Fossilized plant specimens found in volcanic ash in China helped researchers find a link between fern and seed plants in the prehistoric world.
(CN) — Fossils found in volcanic ashfall at a site researchers call the “Pompeii of prehistoric plants” that date back to 300 million years ago reveal for the first time that seed plants grew out of a highly evolved lineage of peat-forming plant.
An international research team led by paleontologists at China’s Nanjing Institute of Geology and Paleontology and the United Kingdom’s University of Birmingham published a report Monday on the importance of these now-extinct plants, called Noeggerathiales, in the journal Proceedings of the National Academy of Sciences.
They say the plant fossils that were found fully preserved in the Chinese region of Inner Mongolia are from around 325 to 251 million years ago.
This discovery helped researchers understand that Noeggerathiales are more closely related to the later developing seed plants than to other fern groups, according to the study.
Once believed to be “an evolutionary dead-end,” Noeggerathiales are now recognized as advanced tree-ferns that developed complex cone-like structures from modified leaves, the researchers say.
But despite their evolutionary sophistication, the study says Noeggerathiales were wiped out 251 million years ago by rapid and extreme environmental change that destroyed swamp ecosystems worldwide.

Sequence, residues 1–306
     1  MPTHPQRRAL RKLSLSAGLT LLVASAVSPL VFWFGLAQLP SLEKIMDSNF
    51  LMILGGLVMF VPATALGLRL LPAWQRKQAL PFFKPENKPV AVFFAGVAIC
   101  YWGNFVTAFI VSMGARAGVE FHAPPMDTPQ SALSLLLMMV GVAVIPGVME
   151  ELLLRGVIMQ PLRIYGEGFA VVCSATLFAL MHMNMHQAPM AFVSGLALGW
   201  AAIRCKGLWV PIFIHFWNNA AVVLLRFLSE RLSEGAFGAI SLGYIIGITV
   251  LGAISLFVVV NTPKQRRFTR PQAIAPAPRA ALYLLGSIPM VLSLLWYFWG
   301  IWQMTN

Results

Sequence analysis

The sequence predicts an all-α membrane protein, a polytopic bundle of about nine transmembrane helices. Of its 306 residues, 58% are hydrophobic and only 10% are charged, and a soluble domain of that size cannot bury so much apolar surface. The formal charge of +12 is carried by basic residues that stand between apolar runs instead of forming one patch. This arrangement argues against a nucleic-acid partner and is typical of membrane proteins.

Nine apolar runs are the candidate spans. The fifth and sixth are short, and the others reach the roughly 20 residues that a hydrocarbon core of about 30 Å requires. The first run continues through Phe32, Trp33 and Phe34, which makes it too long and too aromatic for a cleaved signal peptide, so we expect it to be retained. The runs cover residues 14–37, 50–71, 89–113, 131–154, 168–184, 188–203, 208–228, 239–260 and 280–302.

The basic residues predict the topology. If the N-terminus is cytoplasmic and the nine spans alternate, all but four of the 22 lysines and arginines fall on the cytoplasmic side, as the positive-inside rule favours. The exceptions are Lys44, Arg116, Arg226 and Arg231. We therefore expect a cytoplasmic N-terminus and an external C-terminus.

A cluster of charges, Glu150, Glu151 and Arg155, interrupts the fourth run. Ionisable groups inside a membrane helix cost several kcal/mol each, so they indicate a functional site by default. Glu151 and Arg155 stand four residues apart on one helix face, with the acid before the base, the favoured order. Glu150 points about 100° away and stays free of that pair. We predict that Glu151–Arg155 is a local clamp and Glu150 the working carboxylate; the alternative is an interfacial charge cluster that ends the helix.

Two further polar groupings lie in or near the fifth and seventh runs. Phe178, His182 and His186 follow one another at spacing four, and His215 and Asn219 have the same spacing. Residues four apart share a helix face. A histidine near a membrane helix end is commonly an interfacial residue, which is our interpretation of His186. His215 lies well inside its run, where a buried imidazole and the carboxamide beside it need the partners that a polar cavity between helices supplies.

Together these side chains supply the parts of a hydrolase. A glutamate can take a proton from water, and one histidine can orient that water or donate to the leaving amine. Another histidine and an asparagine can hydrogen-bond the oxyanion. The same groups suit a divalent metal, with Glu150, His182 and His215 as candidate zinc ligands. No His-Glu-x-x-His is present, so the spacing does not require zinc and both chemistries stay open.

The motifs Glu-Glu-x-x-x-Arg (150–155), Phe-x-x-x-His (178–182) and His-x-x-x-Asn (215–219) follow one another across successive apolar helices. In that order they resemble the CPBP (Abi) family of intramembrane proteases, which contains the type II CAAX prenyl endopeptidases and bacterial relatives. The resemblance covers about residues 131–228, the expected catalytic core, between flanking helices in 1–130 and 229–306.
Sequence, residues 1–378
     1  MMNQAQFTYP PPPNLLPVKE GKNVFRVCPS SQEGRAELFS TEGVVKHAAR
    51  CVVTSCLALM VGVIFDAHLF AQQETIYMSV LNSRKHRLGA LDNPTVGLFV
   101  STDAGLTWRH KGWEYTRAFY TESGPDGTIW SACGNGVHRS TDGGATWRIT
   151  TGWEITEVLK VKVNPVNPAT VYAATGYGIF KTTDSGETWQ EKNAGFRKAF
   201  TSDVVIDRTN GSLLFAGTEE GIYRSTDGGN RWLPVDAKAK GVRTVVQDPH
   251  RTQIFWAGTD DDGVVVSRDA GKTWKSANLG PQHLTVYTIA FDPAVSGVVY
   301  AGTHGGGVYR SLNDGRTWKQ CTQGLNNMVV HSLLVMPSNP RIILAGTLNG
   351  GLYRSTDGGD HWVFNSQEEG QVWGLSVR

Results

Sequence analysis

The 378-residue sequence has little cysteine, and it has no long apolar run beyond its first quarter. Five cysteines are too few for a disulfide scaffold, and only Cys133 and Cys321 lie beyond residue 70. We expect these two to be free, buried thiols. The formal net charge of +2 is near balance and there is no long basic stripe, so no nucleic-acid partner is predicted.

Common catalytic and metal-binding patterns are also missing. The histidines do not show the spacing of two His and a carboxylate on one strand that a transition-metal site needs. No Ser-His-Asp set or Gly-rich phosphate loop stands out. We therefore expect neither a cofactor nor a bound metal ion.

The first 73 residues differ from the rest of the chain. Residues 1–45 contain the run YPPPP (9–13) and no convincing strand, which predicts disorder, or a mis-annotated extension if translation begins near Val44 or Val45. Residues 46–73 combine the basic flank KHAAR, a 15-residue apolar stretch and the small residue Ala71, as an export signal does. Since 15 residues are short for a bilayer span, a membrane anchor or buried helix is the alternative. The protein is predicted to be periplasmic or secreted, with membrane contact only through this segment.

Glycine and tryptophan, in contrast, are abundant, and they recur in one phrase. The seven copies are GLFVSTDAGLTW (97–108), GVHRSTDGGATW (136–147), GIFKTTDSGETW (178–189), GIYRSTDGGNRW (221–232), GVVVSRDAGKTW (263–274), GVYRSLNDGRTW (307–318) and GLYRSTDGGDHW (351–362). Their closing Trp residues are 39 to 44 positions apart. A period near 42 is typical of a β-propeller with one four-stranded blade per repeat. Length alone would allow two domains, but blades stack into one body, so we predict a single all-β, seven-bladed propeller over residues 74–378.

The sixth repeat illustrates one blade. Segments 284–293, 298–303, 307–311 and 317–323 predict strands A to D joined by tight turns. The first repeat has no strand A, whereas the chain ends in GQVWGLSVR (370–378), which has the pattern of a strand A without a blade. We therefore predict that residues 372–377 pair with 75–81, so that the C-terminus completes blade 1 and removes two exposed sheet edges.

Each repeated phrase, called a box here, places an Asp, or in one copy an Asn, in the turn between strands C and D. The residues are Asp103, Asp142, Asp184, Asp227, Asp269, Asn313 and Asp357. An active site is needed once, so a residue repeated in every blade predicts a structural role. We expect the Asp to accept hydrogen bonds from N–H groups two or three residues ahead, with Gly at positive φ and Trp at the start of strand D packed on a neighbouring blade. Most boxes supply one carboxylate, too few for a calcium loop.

Jason Hilton with the University of Birmingham’s Institute of Forest Research, who co-authored the study, said Noeggerathiales might serve as a cautionary tale today.
“The fate of Noeggerathiales is a stark reminder of what can happen when even very advanced life forms are faced with rapid environmental change,” Hilton said in a statement.
“The spectacular fossil plants found in China are becoming renowned as the plant equivalent of Pompeii,” he added. “Thanks to this slice of life preserved in volcanic ash, we were able to reconstruct a new species of Noeggerathiales that finally settles the group’s affinity and evolutionary importance.”
Hilton said Noeggerathiales were recognized as early as the 1930s but that their evolutionary importance has only now been discovered.
The study was made possible after researchers discovered complete Noeggerathiale fossils preserved in a bed of volcanic ash about 2 feet thick that formed 298 million years ago and smothered all plants growing in a nearby swamp. The ash preserved many complete individual plants in microscopic detail.
Jun Wang, professor of palaeobotany at the Nanjing Institute of Geology and Paleontology and lead author of the study, said many Noeggerathiales specimens were identified in excavations in 2006 and 2007 when a few leaves were identified on the surface of the ash.
“It looked like they might be connected to each other and a stem below,” Wang said in a statement. “We revealed the crown on site, but then extracted the specimens complete to take them back to the lab.”
Wang said study of these specimens has gone on for years and that the newly discovered complete fossils helped the study tremendously.
“The complete trees are the most impressive fossil plants I have seen, and because of our careful work, they are also some of the most impressive to science,” Wang said.
From this discovery, researchers concluded that the ancestral lineage from which seed plants evolved diversified during the Devonian, Carboniferous and Permian periods, and did not rapidly die out as was previously thought.